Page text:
By Kevin Zwick
CEO, United Way Bay Area
3 minute read
It’s nearly impossible for the 1 in 4 Bay Area residents living in poverty to build new economic pathways without quality employment that provides the wages and benefits necessary to make ends meet. However, securing a job like this often requires formal education, workforce training, or access to professional circles that tend to be less than inclusive. Research continues to show there is great value in creating more equitable workplaces. We understand the lack of equitable practices within employment itself is a root cause of poverty – rebuilding for equity means these values must be embedded in workforce development strategies that create opportunities for all.
Earlier this month we celebrated Labor Day. And every day we must honor workers and recognize their contributions to the stability of our nation. We must also recognize the advancements of the early Labor Movement did not benefit all workers equally. Women and non-white populations had to form their own unions, pushing against, often racist, structural barriers to include themselves in the progressing movement.
Today those barriers that continue to affect the participation of those same communities in the workforce are systemic: inequitable access to higher education and skills training, discrimination in hiring and promotion practices, workplace harassment, and microaggressions. But it is the legacy of hope and activism that leads us, at this moment, to double down on our efforts to maximize equity and inclusion in our workplace and support programs that enable everyone to create pathways to financial security.
One of the ways we do this is by supporting employment and career opportunities for students and advancement opportunities for workers. Through our programs, including SparkPoint, Youth Workforce, and Labor Community Services, United Way Bay Area provides access to workforce development and training so people can learn new skills and create new pathways to prosperity.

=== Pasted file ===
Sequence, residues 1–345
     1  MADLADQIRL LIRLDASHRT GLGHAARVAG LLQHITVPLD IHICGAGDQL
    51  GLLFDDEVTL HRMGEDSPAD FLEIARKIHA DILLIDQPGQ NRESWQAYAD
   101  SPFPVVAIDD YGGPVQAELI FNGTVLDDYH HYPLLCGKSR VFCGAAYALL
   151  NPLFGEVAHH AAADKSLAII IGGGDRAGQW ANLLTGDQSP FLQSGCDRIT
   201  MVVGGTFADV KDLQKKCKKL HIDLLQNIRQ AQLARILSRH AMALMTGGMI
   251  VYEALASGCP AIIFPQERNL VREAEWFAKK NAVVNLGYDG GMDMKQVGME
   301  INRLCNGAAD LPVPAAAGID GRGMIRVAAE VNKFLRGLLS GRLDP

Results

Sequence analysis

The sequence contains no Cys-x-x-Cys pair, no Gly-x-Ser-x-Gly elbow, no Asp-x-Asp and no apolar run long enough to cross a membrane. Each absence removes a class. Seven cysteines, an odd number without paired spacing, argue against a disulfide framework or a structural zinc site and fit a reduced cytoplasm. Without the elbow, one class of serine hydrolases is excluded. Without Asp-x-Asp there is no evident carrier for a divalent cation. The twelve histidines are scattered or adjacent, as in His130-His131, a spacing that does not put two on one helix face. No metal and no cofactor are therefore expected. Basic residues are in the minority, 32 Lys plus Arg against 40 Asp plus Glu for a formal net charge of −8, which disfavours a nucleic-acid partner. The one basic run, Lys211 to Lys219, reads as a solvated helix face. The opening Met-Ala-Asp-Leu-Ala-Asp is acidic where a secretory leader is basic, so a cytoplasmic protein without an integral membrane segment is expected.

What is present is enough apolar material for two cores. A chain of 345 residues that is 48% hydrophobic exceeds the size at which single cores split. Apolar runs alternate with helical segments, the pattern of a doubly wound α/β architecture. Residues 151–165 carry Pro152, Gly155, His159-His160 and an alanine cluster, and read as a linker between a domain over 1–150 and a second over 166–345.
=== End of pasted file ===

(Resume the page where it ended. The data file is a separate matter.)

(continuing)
With the help of our labor council partners, our highly successful Trades Introduction Program (TIP) in San Mateo County helps workers re-skill for the jobs needed in today’s workforce. It also ensures they have access to good-paying careers and connects them with the work they’re passionate about. We’ve successfully graduated over 450 people from TIP with 240 job placements during our last fiscal year. We’ve also reached over 13,000 people through education and outreach services, enabling people from all backgrounds to explore career and trade opportunities.
To ensure that all Bay Area residents benefit from these programs and that we reach those who need it most, we also must double down on the principles of diversity, equity, and inclusion in our own workplace at United Way Bay Area. Part of our strategic plan for the next 3 years is our deliberate commitment to embody the values of diversity, equity, and inclusion and make sure they are a central element in all the work we do. That work means ensuring we model equitable employment practices and invest in our most valuable asset — the people who work at UWBA.
So, as we wrap up our first 100 years of impact at United Way Bay Area, we are more committed than ever to making diversity, equity, and inclusion the center of our work to build pathways to prosperity for our Bay Area neighbors. Ensuring equitable access to quality employment is one of the ways we can begin to dismantle the root causes of poverty. It’s a core impact area and our workforce development and financial stability programs will continue to support and accelerate brighter futures for those most in need of assistance. The work continues!